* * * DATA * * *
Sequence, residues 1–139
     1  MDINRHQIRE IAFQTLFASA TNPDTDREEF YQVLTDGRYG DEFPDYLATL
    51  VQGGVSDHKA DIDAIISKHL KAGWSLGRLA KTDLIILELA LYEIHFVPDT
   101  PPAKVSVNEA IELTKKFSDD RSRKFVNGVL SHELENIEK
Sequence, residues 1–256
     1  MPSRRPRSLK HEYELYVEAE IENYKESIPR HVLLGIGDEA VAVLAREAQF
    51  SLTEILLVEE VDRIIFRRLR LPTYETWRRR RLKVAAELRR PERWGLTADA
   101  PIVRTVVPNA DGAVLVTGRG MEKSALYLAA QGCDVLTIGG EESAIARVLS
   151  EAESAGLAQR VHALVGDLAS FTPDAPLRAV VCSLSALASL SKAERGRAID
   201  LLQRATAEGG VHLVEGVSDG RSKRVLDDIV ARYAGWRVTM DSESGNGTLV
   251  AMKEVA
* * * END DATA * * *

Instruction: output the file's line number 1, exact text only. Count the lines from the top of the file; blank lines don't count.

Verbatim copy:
Sequence, residues 1–139